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A Thief in the Night

"Here, take my arm - I'm not so beastly as I look. But neither am I in town, nor in
England, nor yet on the face of the earth, for all. that's known of me to a single
soul but you."
"Then where are you," I asked, "between ourselves?"
"I've taken a house near here for the holidays, where I'm going in for a Rest Cure
of my own description. Why? Oh, for lots of reasons, my dear Bunny; among
others, I have long had a wish to grow my own beard; under the next lamppost
you will agree that it's training on very nicely. Then, you mayn't know it, but
there's a canny man at Scotland Yard who has had a quiet eye on me longer
than I like. I thought it about time to have an eye on him, and I stared him in the
face outside the Albany this very morning. That was when I saw you go in, and
scribbled a line to give you when you came out. If he had caught us talking he
would have spotted me at once."
"So you are lying low out here!"
"I prefer to call it my Rest Cure," returned Raffles, "and it's really nothing else.
I've got a furnished house at a time when no one else would have dreamed of
taking one in town; and my very neighbors don't know I'm there, though I'm
bound to say there are hardly any of them at home. I don't keep a servant, and
do everything for myself. It's the next best fun to a desert island. Not that I make
much work, for I'm really resting, but I haven't done so much solid reading for
years. Rather a joke, Bunny: the man whose house I've taken is one of her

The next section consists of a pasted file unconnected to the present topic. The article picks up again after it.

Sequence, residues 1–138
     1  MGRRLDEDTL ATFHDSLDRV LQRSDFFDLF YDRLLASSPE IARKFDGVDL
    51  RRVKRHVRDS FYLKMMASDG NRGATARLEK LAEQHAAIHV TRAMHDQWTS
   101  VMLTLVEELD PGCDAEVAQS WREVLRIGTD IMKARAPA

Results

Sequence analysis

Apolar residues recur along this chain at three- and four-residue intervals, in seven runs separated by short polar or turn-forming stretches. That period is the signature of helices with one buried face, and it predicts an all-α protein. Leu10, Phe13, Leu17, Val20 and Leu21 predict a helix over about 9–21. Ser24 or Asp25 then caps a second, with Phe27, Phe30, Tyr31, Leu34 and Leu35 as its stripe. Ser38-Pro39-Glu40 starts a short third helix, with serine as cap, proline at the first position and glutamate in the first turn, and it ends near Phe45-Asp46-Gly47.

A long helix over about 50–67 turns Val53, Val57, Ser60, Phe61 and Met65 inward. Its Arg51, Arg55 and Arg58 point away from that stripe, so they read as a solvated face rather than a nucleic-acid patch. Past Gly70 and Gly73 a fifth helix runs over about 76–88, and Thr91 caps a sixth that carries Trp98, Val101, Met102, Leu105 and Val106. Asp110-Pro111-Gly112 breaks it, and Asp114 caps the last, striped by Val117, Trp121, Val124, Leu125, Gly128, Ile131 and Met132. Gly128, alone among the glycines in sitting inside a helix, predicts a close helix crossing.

Majesty's inspectors of prisons, and his study's a storehouse of criminology. It
has been quite amusing to lie on one's back and have a good look at one's self
as others fondly imagine they see one."
"But surely you get some exercise?" I asked; for he was leading me at a good
rate through the leafy byways of Camp den Hill; and his step was as springy and
as light as ever.
"The best exercise I ever had in my life," said Raffles; "and you would never live
to guess what it is. It's one of the reasons why I went in for this seedy kit. I follow
cabs. Yes, Bunny, I turn out about dusk and meet the expresses at Euston or
King's Cross; that is, of course, I loaf outside and pick my cab, and often run my
three or four miles for a bob or less. And it not only keeps you in the very pink: if
you're good they let you carry the trunks up-stairs; and I've taken notes from the
inside of more than one commodious residence which will come in useful in the
autumn. In fact, Bunny, what with these new Rowton houses, my beard, and my
otherwise well-spent holiday, I hope to have quite a good autumn season before
the erratic Raffles turns up in town."
I felt it high time to wedge in a word about my own far less satisfactory affairs.
But it was not necessary for me to recount half my troubles. Raffles could be as
full of himself as many a worse man, and I did not like his society the less for
these human outpourings. They had rather the effect of putting me on better
terms with myself, through bringing him down to my level for the time being. But
his egoism was not even skin-deep; it was rather a cloak, which Raffles could
cast off quicker than any man I ever knew, as he did not fail to show me now.
"Why, Bunny, this is the very thing!" he cried. "You must come and stay with me,
and we'll lie low side by side. Only remember it really is a Rest Cure. I want to